'We sold our souls and have nothing': The unfulfilled promises in physician employment

Physicians continue to migrate to employed models as private practice costs rise. 

Matt Mazurek, MD, assistant clinical professor of anesthesiology at St. Raphael's Campus of Yale New Haven (Conn.) Hospital, joined Becker's to discuss how many physicians are left disappointed amid increased consolidation. 

Editor's note: Responses were edited lightly for clarity and length. 

Question: How does consolidation play into physician shortages as more and more migrate to employed models?

Dr. Matt Mazurek: Nearly 78% of physicians now are employed, and that percentage keeps creeping up. I think consolidation has not really produced the results that were promised by the consolidation. First of all, access has not improved. It's gotten worse. Second of all, costs have not reduced — it's actually increased across the board. I don't see consolidation producing all of the promises that were made when it was pitched with some health systems having approached the leaders in a particular community promising access to various resources. It really hasn't come to fruition. Same thing with the physician groups. They promised physicians if they joined they would have resources and funding, but I don't see that that's actually come to fruition either.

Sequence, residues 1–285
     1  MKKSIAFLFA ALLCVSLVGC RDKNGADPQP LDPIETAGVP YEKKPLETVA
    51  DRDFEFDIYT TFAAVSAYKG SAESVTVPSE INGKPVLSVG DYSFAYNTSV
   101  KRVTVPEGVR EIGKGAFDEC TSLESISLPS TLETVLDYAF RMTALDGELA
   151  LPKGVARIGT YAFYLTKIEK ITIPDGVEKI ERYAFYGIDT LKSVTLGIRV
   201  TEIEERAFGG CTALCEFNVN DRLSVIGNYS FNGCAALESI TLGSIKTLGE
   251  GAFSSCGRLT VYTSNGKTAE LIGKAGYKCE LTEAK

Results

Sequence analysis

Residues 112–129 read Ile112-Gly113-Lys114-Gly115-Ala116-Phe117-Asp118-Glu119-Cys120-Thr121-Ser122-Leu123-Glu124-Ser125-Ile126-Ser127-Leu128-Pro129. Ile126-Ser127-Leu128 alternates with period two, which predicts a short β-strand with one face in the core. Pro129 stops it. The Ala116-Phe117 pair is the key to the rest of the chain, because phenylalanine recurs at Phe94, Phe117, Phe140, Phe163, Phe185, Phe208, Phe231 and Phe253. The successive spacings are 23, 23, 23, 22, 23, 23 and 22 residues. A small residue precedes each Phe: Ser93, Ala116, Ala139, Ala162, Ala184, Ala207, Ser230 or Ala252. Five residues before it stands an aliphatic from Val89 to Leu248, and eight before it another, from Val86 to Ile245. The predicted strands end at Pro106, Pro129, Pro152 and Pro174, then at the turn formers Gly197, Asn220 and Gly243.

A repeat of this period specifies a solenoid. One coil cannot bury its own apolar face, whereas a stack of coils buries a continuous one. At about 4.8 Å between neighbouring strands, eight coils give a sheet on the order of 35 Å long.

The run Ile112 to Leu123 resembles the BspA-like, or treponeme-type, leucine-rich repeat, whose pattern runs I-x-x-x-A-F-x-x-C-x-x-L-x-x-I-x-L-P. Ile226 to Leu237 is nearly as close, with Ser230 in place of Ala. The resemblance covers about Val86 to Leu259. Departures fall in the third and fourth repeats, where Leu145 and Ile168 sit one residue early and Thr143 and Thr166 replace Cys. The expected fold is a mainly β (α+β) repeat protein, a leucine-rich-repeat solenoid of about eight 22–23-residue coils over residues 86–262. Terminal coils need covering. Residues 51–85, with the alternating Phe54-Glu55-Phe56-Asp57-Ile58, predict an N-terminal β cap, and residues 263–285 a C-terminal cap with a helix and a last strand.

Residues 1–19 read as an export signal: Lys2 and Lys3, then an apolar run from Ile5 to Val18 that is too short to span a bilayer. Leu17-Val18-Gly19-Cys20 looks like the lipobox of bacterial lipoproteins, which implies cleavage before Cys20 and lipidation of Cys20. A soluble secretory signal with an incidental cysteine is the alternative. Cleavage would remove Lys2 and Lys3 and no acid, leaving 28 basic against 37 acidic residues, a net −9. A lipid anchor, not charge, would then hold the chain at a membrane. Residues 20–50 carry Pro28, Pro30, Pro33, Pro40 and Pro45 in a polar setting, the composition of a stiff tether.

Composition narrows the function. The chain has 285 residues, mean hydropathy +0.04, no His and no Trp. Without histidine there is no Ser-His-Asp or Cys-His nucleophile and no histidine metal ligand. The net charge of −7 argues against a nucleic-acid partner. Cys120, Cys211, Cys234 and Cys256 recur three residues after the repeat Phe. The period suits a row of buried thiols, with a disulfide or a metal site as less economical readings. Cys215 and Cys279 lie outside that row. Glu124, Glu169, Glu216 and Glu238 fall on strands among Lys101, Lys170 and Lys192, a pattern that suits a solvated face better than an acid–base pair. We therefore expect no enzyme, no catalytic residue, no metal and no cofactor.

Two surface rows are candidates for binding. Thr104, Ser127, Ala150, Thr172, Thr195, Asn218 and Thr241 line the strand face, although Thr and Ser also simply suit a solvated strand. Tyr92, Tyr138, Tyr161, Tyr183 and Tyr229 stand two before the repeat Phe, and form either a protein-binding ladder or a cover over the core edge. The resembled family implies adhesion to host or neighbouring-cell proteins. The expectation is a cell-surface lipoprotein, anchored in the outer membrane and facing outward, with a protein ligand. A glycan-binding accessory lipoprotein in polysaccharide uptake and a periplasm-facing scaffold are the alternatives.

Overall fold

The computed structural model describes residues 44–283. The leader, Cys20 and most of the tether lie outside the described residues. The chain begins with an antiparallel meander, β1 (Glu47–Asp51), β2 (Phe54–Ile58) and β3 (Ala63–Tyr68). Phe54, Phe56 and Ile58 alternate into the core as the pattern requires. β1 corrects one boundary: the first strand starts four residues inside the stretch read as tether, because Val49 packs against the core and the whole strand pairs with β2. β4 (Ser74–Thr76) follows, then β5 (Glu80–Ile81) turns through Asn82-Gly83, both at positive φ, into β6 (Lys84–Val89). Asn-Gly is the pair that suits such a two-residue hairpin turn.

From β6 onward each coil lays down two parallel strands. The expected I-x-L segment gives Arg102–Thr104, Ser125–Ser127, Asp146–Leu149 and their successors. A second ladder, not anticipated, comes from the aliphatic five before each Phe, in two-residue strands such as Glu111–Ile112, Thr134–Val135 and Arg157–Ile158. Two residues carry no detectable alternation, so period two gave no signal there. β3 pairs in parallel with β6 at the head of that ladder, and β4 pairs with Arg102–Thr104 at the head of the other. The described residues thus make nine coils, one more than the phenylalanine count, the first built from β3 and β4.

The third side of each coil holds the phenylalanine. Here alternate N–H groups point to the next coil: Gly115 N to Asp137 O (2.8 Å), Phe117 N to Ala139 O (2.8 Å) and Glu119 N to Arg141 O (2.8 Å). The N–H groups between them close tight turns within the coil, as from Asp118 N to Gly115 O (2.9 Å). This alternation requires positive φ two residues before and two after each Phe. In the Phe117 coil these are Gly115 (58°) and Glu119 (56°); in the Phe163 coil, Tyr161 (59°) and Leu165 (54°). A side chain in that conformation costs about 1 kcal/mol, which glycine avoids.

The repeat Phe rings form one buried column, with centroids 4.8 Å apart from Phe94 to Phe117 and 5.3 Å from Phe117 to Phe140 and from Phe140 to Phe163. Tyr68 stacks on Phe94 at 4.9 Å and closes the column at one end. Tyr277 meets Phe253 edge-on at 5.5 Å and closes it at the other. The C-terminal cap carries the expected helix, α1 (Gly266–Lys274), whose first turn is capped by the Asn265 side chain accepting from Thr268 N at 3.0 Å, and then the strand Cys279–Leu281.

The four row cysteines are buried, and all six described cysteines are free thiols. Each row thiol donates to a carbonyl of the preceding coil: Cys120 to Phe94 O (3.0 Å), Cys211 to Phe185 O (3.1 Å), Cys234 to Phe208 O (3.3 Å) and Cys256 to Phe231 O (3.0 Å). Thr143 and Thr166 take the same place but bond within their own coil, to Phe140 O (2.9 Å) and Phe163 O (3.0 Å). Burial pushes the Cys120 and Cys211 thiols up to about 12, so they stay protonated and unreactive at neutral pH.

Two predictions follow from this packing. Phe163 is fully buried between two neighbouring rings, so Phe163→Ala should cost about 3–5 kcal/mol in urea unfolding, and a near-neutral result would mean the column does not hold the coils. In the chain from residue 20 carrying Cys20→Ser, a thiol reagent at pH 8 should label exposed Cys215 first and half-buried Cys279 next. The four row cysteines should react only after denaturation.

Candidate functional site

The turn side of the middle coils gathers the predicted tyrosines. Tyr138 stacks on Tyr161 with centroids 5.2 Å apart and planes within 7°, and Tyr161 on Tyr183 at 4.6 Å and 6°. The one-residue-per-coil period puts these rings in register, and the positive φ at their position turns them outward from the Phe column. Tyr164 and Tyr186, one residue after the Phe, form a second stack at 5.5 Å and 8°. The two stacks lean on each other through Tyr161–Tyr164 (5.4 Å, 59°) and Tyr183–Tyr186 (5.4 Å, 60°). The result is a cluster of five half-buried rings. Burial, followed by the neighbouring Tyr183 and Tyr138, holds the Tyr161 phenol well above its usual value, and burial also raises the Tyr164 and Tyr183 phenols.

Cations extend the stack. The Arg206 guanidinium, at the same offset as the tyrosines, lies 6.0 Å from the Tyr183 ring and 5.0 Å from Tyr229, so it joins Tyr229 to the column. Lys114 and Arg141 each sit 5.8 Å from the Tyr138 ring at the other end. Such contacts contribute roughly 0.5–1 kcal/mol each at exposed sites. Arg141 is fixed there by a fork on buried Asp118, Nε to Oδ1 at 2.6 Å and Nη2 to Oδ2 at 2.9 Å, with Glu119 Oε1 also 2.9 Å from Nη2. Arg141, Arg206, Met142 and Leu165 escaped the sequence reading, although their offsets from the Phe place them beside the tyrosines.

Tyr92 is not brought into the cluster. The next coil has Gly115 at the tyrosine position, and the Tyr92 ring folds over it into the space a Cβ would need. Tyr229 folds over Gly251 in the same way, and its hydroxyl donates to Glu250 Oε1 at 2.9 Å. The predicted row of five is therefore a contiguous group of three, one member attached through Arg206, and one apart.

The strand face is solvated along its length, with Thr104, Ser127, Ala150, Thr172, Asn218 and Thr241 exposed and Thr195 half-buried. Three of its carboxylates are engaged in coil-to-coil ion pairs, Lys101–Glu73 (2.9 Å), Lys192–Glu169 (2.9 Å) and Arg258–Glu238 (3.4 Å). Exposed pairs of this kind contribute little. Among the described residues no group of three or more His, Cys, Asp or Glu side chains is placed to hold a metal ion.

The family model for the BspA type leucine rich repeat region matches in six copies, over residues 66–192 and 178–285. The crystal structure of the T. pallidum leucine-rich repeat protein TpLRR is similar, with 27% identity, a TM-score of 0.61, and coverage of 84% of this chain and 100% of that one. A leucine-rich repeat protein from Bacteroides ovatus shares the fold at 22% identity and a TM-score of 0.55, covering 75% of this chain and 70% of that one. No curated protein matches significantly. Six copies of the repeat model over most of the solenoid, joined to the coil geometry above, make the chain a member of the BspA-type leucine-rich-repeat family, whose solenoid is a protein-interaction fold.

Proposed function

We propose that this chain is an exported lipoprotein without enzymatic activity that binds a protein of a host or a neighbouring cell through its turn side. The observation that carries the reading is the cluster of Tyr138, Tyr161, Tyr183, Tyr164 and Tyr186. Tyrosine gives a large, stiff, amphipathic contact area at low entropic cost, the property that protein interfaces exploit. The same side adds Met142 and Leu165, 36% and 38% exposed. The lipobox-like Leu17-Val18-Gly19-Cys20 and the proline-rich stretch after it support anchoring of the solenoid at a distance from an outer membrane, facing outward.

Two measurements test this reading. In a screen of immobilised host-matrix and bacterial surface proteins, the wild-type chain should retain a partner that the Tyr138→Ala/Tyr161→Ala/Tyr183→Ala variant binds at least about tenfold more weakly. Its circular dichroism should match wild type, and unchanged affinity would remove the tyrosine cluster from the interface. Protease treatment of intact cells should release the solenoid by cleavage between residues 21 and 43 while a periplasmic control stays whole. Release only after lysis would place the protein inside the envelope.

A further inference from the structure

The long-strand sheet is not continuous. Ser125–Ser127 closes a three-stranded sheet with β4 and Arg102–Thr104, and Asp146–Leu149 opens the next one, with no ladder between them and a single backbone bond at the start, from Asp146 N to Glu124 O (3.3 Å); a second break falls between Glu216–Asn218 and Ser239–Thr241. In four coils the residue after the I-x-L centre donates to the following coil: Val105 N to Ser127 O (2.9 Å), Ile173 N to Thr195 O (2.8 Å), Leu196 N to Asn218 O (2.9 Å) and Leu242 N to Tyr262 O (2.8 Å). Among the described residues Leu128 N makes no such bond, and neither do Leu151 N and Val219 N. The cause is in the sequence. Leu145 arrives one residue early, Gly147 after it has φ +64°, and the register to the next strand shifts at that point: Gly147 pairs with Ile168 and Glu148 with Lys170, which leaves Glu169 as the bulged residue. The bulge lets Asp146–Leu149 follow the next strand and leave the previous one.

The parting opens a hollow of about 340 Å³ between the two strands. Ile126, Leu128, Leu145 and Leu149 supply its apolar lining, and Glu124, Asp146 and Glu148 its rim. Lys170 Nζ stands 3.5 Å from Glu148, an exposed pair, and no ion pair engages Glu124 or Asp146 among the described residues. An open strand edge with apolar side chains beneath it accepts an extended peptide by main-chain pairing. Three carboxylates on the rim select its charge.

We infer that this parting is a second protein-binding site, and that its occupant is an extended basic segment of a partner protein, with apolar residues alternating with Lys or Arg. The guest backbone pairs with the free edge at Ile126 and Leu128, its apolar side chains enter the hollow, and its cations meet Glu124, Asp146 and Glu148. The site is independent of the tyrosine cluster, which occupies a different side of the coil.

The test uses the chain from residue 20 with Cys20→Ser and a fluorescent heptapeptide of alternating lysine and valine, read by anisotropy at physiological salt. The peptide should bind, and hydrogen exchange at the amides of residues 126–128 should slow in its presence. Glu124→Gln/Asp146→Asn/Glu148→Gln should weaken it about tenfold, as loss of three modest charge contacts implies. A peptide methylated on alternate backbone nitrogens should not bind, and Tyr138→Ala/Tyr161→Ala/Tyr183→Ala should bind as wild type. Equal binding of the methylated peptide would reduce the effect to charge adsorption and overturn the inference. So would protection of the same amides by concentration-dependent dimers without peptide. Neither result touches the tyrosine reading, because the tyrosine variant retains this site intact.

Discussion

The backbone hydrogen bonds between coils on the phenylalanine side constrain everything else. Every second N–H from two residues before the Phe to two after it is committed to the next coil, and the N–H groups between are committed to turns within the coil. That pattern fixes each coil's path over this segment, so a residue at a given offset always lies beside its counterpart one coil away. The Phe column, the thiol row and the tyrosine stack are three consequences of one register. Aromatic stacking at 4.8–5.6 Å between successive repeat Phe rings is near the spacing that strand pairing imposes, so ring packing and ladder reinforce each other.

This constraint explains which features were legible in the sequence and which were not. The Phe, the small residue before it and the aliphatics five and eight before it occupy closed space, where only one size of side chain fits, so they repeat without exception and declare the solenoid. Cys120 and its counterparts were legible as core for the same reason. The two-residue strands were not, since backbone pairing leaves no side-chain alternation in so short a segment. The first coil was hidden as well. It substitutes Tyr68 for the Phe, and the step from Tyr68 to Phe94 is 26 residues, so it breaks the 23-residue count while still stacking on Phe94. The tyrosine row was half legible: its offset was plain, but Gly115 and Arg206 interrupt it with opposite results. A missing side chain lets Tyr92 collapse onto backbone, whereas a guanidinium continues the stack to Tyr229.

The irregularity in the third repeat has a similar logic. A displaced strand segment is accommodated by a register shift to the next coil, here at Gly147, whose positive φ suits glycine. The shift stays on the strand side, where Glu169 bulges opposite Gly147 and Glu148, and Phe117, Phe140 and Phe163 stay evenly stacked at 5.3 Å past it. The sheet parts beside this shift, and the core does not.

I think there has been a lot of hope and a lot of good ideas that at the end of the day, the money is being siphoned off for some communities into other areas without any return on the promises made. So everyone's kind of staring at themselves wondering what happened. We sold our souls and have nothing. It's a huge issue.

Q: What are the unfulfilled promises?

MM: The problem with physicians being employed is that the businesses of private practices have not been able to keep the lights on because of decreased reimbursements, high inflation and overhead, which is largely labor cost. So when these systems come in and say that they'll swoop in and save the practice, some are even hostile takeovers. They say nothing's going to change for the first couple of years, and while that may be true, eventually the system will want to adopt what works in their best interest, not necessarily the physicians' best interest, and the resources begin getting taken away. Anyone who wants to sell or be acquired has to be realistic about the fact that at the end of the day, it's a for-profit organization or private equity organization who has taken over the fiduciary responsibility for that company is to either create shareholder value or investor value. You would think the nonprofits would be behaving in a different manner just because their mission statements are different, but I think what we have discovered across the board is nonprofits are behaving in a similar manner. They're just tax exempt. So the way I look at it is that every player's the same, they just have different labels.

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